There are potential playoff teams that need closers. The Phillies are a team that doesn't really need one, but has one of the most expensive and productive closers in the game.
Last week, one of the teams looking for a closer, the Milwaukee Brewers, were reportedly close to trading for Paps. Then, the talks cooled. Now, according to MLB.com's Todd Zolecki, they appear to be heating up again, with one other team in the mix as well.
Two sources said this evening that talks are alive, although the seriousness of those discussions is unclear. Yahoo! Sports first reported Friday that the Phillies and Brewers were in serious negotiations. FOXSports.com mentioned the Blue Jays’ interest.
In the following days, reports surfaced that a deal with either team is unlikely.
But that has not stopped them from continuing to talk about Papelbon.
In other words, don't get your hopes up. But it is encouraging that the Phillies are at least keeping the dialogue open with a couple of clubs.
By now, everyone knows the issues with dealing Papelbon. He has a vesting option for 2016 that any team on his no-trade list, like the Brewers and Blue Jays, would need to pick up. However, as Fox Sports' Ken Rosenthal notes, the Phils may not be as motivated to eat a ton of 2016's cash as some would like them to be.
The Phillies are willing to include cash in trades – they paid a combined $5 million to purge shortstop Jimmy Rollins and outfielder Marlon Byrd and are prepared to pay a vast portion of first baseman Ryan Howard’s $60 million in any deal.
But why would the Phillies pay, say, an unnecessary $6 million on the vesting option when a more attractive financial and prospect package might become available in July?
The Phillies have yet to make a financial offer to the Brewers, according to sources. They are not under a mandate from ownership to trade Papelbon; they intend to make such a deal only if it is to their benefit.
So what if the Phils don't unload Papelbon before the season starts? What if they wait until July? Would that be the worst thing in the world?
If the Phils don't get exactly what they want now and decide to wait until the Trade Deadline, here are some of the potential benefits.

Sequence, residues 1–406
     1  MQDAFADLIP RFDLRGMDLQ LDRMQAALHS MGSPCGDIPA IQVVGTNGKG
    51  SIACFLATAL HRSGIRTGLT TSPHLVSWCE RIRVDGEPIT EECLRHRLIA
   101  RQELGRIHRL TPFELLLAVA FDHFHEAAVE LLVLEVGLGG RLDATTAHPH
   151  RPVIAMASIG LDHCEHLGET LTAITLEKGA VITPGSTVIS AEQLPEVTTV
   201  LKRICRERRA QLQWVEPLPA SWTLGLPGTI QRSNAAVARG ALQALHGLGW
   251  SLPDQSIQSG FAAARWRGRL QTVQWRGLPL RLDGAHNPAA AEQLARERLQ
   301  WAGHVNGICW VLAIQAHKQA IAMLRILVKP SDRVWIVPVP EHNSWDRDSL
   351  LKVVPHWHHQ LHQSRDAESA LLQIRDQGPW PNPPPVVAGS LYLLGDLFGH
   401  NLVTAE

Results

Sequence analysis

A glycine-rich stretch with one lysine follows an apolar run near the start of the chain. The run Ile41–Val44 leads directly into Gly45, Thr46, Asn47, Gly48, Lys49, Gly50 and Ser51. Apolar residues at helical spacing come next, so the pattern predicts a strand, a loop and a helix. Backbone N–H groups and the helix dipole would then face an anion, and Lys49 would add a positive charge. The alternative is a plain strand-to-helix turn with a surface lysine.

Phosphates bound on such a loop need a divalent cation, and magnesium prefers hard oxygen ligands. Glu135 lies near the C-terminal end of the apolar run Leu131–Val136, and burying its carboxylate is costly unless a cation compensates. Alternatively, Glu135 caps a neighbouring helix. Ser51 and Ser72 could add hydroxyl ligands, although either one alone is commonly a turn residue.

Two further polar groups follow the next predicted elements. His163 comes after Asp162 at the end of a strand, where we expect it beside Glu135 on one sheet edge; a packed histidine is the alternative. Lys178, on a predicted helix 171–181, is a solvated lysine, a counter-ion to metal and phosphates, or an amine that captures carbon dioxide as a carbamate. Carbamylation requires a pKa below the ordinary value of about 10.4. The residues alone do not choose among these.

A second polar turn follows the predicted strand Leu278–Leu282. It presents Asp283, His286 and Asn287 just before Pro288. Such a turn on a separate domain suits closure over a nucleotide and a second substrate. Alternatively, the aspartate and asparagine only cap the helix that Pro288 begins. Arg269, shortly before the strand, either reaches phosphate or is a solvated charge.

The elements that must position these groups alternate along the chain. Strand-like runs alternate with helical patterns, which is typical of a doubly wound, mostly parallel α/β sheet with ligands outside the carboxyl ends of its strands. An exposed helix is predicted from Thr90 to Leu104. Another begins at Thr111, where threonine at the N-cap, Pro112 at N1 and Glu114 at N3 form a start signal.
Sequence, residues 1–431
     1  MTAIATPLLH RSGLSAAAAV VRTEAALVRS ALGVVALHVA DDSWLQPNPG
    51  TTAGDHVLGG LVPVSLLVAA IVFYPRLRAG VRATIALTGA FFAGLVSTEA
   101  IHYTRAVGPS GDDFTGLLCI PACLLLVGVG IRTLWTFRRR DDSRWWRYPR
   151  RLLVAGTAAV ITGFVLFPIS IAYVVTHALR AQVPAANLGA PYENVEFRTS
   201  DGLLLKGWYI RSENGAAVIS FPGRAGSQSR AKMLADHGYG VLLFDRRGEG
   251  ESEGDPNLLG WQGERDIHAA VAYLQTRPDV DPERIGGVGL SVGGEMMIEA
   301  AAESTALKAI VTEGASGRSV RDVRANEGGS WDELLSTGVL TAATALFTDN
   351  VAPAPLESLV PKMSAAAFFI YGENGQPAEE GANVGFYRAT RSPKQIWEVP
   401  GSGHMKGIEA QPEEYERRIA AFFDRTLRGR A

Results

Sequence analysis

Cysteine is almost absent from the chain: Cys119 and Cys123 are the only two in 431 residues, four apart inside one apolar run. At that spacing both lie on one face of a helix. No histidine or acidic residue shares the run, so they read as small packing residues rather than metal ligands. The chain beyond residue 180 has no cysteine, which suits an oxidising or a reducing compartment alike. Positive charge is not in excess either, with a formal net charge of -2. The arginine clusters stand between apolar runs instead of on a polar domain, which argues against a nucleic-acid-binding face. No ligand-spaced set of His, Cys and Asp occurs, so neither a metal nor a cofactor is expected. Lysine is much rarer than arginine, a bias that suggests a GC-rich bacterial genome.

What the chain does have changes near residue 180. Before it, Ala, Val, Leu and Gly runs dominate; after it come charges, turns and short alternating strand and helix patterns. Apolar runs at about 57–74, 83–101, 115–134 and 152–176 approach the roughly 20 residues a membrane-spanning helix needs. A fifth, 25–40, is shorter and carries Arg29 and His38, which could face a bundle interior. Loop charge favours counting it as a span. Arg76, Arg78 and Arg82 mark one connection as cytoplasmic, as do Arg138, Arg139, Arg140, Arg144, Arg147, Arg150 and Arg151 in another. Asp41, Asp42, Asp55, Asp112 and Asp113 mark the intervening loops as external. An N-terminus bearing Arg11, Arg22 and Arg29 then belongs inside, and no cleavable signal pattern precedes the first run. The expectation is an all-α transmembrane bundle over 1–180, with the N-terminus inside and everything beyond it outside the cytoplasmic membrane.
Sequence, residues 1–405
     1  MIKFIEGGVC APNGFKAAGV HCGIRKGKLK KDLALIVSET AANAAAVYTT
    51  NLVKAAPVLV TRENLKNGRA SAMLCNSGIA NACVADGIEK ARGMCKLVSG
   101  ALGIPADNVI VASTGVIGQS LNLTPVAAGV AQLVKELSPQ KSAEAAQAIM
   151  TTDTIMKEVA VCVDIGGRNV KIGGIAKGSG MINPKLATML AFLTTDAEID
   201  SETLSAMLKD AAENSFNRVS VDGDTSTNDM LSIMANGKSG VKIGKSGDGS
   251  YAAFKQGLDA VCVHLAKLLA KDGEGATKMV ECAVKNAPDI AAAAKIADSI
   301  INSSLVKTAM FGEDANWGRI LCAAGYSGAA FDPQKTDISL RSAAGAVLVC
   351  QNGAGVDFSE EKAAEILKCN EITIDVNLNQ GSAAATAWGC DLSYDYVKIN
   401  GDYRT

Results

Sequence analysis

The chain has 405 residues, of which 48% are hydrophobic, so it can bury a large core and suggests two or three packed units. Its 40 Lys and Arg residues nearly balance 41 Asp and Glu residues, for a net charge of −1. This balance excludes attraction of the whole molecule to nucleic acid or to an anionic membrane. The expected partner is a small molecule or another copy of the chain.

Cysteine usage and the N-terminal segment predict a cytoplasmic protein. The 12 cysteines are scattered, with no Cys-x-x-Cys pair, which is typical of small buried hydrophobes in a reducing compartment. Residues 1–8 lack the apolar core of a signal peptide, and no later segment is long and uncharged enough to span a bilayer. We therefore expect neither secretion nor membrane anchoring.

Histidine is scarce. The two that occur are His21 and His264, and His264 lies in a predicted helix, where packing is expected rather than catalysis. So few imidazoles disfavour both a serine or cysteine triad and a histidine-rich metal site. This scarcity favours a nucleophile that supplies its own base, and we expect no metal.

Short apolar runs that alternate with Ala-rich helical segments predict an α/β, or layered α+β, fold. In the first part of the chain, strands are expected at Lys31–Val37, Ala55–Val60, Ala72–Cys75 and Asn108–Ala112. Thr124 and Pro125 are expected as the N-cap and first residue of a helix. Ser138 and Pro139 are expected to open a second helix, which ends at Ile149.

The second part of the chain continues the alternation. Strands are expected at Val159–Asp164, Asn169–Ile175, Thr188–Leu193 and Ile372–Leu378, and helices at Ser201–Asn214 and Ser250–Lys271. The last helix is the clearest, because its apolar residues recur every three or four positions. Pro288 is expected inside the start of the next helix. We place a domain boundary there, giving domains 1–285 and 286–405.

- If Papelbon continues to perform as well as he has, he'll have shaved about $6.5 million off his salary for any team looking to acquire him.
- If Papelbon's performance declines, the Phils could justifiably demote him from the closer's role in favor of Ken Giles, without the worry of Papelbon filing a grievance. And remember, Paps needs to finish 48 games this season in order for that '16 option to vest.
- If Papelbon gets hurt, that almost certainly makes him less likely to have that 2016 season vested. The Phils wouldn't be able to trade him, but they would be free of him after this season.
- If Papelbon stays in the closer's role, it would prevent the team from rushing Giles into a role that he may not be ready for just yet. It certainly wouldn't kill Giles to get at least another half-season in the set-up role in 2015.
There are lots of reasons to trade Papelbon, but most of them are optics. The team is already far under their payroll of last year, although as has been written by others, any money saved this year could go towards paying for Cuban star Yoan Moncada.
Still, Papelbon's $13 million this year is not pushing the Phils against the luxury tax, and isn't preventing them from doing anything on the field that they would otherwise like to do. It's just unseemly for what looks to be a 70-win team to pay a closer $13 million in any circumstance.
Making a move solely for optics is rarely a good one.
It's clear the Phils are trying to move Papelbon, and perhaps they'll be able to swing a deal with either the Brewers or Blue Jays. That would be great.
But if they don't get what they want, there are positives to not moving him, too.